Morning Music: the Meaning of “Pablo Picasso”

The Modern LoversWith this Pablo Picasso painting getting sold for $179 million, it got me thinking of the song by The Modern Lovers off that first great album, “Pablo Picasso.” I’ve never spoken to Jojo about it, but I’m pretty sure that everyone misunderstands the song. To start with, it is not about the Pablo Picasso. It is just about a local celebrity. That cool guy who all the other guys want to be. The second verse starts, “Well the girls would turn the color of the avocado;
when he would drive down their street in his El Dorado.” You know that guy.

But the main thing in the song is that Pablo Picasso is never called an “asshole.” Not like you! And this is repeated over and over. But that isn’t the point of the song. It isn’t about how some guys are cool and others aren’t. It isn’t even about a cool guy. The hook is repeated a number of times, “Pablo Picasso was never called an asshole.” And this builds up to the last line of the song, “Pablo Picasso was never called!” This is, tellingly, a line that is normally missing from covers of the song.

Richman’s point is that you can be like Pablo Picasso and be cool and never make a fool of yourself. And if you do that, you will be alone. Your other option is to put yourself out there. Risk being called “asshole.” But then you won’t be alone. You will be called. This goes along with pretty much Richman’s entire song catalog.

The best example is his song “Affection.” It starts off with him repeating, “People all over the world are starving.” And then he ends it, “People all over the world are starving… for affection.” The refrain of the song is this:

People all over the world are good
People all over the world ain’t bad
But if they keep on chickening out
They won’t get what they wish they had… affection!

And that is what he’s saying in “Pablo Picasso.” That is the meaning of that song: don’t be like Pablo Picasso.

4 thoughts on “Morning Music: the Meaning of “Pablo Picasso”

    • I’m pretty sure I know that group, but I can’t quite place them. It’s an interesting take, because the American way is like Mitt Romney’s advice, “Go out, start a business, risk everything!” And if you fail, well, die of hypothermia while living on the streets. Our society values risk takers, but only if they succeed. If we truly valued risk taking, we would make it easier to fail.

      I remember being down at my sister’s a couple of years ago and American Idol was on. It was the first show of the season and there was this Christian woman who thought that God had told to go an compete. But she was quite bad and it was a humiliating experience for her, made all the worse by one of the hosts following her out to her car, asking her questions like, “Did you really think you could sing?!”

      There was no outrage from the culture at large. We simultaneously tell people “Put yourself out!” and then “What a jerk!” when they fail. In fact, there is this 20-20 hindsight thing that goes on. The greats should have known that they were great and the losers should have known that they were losers. Of course, if that were the case, there would be no risk. So what the society is really saying is, “Be great! Don’t suck!”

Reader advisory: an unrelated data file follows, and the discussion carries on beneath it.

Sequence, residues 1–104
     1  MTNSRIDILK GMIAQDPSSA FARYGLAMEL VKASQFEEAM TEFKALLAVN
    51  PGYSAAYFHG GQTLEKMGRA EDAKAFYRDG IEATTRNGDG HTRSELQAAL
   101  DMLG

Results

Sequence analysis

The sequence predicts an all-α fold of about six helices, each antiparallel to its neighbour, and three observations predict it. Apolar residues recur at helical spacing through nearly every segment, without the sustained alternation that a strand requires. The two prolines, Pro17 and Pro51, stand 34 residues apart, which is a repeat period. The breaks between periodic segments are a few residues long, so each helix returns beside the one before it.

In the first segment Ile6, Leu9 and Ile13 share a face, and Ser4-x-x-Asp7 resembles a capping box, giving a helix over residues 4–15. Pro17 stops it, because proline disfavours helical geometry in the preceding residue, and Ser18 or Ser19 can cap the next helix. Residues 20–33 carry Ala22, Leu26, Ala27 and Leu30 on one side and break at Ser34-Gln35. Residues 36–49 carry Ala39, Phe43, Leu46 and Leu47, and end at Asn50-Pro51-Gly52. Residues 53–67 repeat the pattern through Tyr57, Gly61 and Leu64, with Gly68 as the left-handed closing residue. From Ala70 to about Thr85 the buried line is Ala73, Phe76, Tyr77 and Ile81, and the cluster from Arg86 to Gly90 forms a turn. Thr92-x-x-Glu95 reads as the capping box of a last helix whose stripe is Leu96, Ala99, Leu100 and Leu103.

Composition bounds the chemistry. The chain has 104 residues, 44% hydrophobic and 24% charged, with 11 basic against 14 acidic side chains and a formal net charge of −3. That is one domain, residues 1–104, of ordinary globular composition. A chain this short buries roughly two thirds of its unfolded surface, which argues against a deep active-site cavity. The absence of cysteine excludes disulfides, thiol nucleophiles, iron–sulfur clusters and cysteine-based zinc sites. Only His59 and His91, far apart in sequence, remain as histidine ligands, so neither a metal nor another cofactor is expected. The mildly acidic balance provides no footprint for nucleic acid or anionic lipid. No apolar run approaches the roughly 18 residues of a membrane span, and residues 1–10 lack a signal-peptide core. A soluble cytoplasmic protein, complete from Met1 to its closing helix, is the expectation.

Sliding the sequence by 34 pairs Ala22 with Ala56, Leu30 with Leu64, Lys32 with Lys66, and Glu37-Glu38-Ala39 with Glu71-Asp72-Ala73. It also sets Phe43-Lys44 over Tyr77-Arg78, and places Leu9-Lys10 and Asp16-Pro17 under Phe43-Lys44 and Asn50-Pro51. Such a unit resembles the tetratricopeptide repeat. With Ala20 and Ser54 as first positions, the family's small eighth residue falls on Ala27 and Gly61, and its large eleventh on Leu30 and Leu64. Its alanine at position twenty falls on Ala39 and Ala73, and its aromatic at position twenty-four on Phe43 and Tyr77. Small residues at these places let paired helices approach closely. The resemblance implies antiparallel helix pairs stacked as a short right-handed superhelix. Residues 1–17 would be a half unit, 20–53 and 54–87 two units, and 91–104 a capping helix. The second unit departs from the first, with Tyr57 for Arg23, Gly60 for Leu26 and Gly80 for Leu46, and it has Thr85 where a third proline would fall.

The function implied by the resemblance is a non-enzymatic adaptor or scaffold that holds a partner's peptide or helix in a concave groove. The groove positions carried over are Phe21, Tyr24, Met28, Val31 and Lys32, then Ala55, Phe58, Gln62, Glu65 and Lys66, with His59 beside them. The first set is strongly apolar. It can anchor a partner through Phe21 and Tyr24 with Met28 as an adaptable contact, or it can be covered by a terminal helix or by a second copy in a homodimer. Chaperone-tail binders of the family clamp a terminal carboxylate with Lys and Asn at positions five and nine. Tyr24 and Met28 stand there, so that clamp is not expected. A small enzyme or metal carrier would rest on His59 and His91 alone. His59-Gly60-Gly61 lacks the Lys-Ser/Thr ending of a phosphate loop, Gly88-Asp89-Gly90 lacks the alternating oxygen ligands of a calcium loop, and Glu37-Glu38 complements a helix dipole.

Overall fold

It’s a nice song. It is always a little hard to get advice about being fearless from people who are successful. But I appreciate the sentiment.

      • I think when they started out they were YouTubers (hence the quick cut to snarky comments) — since then, they have a show that’s been picked up by cable. It’s a tolerable show, but it suffers from being about Making It In The Biz. The universe is not Los Angeles is not the universe, to steal Gore Vidal’s line about university-based authors who write about university life.

        I’d be surprised if many of the “American Idol” singers lampooned for their lack of talent aren’t plants. Reality shows depend on humiliation; that’s their bread-and-butter. It’s incredibly sad that Americans love this stuff. And they don’t in real life — we enjoy strangers being mocked or sentenced to death or beaten by cops, not the neighbor we vaguely know. But we’re turded on by so many forces, we enjoy vicariously seeing others turded on. Poop rolls downhill, as they say.

        The only places (besides here!) I’ve had any luck pimping my typing are, bizarrely, sports blogs, so I enjoyed this G&O bit, “Sports Go Sports!” (it’s better here than on their TV show):

        • I don’t think it is surprising that the Mexicans brought us “pena ajena” (shame experienced on behalf of another person). And the Germans brought us “schadenfreude.”

          You may be right about the plant. I know they do this. And usually, I hope they do it — especially on the court shows.

          As for the song, I couldn’t possibly have a better life because I am such a successful loser!

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